BioPharm April eBook: Outsourcing Resources 2019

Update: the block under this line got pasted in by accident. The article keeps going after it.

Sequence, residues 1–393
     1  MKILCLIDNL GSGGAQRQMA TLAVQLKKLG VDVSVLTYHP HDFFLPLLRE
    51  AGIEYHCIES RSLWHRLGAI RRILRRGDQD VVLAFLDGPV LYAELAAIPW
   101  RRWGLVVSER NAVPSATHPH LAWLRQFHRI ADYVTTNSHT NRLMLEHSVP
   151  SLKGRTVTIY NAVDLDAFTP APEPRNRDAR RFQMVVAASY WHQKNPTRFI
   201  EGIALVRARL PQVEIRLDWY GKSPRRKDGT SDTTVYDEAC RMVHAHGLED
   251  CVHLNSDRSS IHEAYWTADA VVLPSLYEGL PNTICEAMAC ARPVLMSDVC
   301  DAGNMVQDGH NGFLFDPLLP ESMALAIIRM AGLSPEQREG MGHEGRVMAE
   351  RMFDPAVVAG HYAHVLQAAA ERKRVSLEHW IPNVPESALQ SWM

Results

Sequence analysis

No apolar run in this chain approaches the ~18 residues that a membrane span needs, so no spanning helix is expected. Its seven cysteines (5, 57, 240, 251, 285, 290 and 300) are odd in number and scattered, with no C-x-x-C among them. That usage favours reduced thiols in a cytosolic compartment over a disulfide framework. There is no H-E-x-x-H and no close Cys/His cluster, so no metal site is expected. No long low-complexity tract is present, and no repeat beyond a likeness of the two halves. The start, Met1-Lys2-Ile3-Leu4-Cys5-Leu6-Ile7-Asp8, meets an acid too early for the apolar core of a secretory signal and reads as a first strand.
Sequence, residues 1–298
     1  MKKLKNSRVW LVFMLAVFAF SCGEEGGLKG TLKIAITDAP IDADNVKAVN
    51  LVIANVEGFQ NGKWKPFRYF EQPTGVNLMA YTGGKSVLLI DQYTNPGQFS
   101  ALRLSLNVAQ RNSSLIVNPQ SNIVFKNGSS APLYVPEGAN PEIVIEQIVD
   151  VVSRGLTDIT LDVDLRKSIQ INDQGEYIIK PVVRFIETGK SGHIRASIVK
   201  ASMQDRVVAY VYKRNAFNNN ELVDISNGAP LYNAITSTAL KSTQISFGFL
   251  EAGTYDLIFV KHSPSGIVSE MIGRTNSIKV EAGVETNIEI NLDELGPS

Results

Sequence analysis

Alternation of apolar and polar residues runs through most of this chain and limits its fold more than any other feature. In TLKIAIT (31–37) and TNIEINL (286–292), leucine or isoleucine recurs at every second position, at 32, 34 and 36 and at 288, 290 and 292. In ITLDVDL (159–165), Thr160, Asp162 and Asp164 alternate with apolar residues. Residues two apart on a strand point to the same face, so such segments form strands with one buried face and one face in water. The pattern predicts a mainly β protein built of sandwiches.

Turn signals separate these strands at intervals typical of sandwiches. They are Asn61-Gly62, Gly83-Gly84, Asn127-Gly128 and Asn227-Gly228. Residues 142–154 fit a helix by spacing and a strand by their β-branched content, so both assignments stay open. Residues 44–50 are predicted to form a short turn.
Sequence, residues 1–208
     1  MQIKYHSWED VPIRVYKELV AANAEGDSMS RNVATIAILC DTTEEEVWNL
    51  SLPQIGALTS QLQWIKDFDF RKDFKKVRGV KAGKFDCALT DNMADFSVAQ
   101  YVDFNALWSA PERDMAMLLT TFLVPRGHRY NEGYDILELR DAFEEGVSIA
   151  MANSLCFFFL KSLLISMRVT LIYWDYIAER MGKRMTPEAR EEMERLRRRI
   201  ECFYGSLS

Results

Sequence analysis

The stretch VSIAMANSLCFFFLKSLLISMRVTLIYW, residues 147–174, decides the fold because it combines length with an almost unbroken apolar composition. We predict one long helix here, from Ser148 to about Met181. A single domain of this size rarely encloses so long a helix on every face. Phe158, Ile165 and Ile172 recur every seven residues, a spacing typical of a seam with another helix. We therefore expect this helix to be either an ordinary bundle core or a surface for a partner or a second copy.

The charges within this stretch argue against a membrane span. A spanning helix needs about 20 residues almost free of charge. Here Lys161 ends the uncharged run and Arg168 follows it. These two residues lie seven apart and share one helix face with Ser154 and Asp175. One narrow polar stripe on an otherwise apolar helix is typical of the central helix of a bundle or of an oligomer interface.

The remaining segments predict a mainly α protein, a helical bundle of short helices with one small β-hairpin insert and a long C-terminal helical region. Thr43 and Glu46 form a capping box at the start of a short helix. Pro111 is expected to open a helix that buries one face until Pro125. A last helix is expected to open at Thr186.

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28 BioPharm International eBook April 2019 Outsourcing Resources Business Developments Bio's viral vector capabilities with our GMP production expertise and pro- prietary bioprocessing and cell cul- ture technologies uniquely positions us to partner with our customers to drive the evolution of this incredibly fast-growing market." Fujifilm announced on March 12, 2019 that it has agreed to acquire Biogen (Denmark) Manufacturing ApS, a large-scale biologics manufac- turing site located in Hillerød near Copenhagen, Denmark, from Biogen. The acquisition is expected to close around August 2019, subject to cus- tomary closing conditions (2). Upon closing, Biogen Hillerød will become Fujifilm's fourth biophar- maceutical CDMO site. The existing 800-employee workforce at the site will be retained by Fujifilm. The acqui- sition boosts the company's CDMO, Fujifilm Diosynth Biotechnologies, which will be responsible for the new site as well as all of Fujifilm's biophar- maceutical CDMO sites. Biogen Hillerød is equipped with six 15,000-L bioreactors for the man- ufacture of cell-culture derived bio- logics. This facility will significantly expand Fujifilm's capacity and pro- vides the ability to scale up to large production volumes, complementing the current scale-out manufacturing model implemented under the com- pany's Saturn monoclonal antibody (mAb) services. In addition, on Jan. 7, 2019, Fujifilm announced plans to invest approximately JPY 10 billion (approx- imately US$90 million) in Fujifilm Diosynth Biotechnologies (3) to expand existing production facili- ties at its North Carolina location. Investments will include the addi- tion of 2000-L single-use cell-culture manufacturing trains, cell-culture purification suites, and new micro- bial recovery suites to increase cell- culture manufacturing capacity by approximately 25% and microbial capacity by approximately 50% at the North Carolina location. The company expects that the increased production capacity will be ready for cGMP manufacture by early 2020. PARTNERSHIPS FOR EMERGING THERAPIES On April 2, 2019, Lonza and Chr. Hansen Holding, a global bioscience company, entered into an agreement to establish a 50/50 joint venture to develop live biotherapeutic prod- ucts (LBPs). The joint venture will operate from headquarters in Basel, Analytical contract service provider, SGS, has expanded capabilities and capacity for testing cell banks and routine bulk harvest for vaccines, gene and cell therapies, monoclonal antibodies, and other recombinant protein- based biological medicines at the company's Glasgow, UK facility (1). The $10-million (£7.6-million) investment is supported in part by a Scottish Enterprise Research and Development grant award of $2.2 million (£1.7 million). "The growth of the biologics medicine outsourcing market is projected to significantly increase for the next five years. SGS testing services in Glasgow operate from early in the bio-production roadmap (master cell bank characterization) to the lot release of the bio-therapeutic," says Archie Lovatt, SGS' scientific director. "The expanded facility will provide all testing required for cell bank, virus seed/vectors, unprocessed bulk and purified drug, therapy, and vaccine [products]. The Glasgow facility offers services to meet ICH [International Council for Harmonization] Q5A, Q5B, Q5D; European Pharmacopoeia 5.2.3, 5.14, and 2.6.21, including FDA Vaccine guidelines 2010 and WHO [World Health Organization] TRS 978," Lovatt adds. The investment includes an additional 1200 m 2 of space, bringing the total to 2400 m 2 , increasing the site's services by three times. The expanded facility will support human biological medicines and viral vaccines in early development pre-Phase I, Phase I/II, Phase III, and commercial product for recombinant proteins, viral vaccines, and gene and cell therapies. The new laboratory will increase the company's capacity for existing biosafety services and enhanced real-time polymerase chain reaction platforms; SGS will develop and validate cell-based viral detection systems at the site. According to Lovatt, the Glasgow facility's pathogen detection technologies increase the speed at which safe bio-therapeutic and vaccines products are delivered to patients. "This is particularly true for personalized medicines and vaccines, cell-, and viral- based gene therapies, which have a more complex testing requirement," Lovatt adds. The facility, which is operational, is being validated in a phased approach, Lovatt adds. Reference 1. SGS, "SGS Expands Biologics, Viral Vaccine, Gene and Cell Therapy Testing Capabilities at Its Glasgow, UK Facility," Press Release, Jan. 29, 2019. SGS Expands Testing Capabilities at Glasgow Facility

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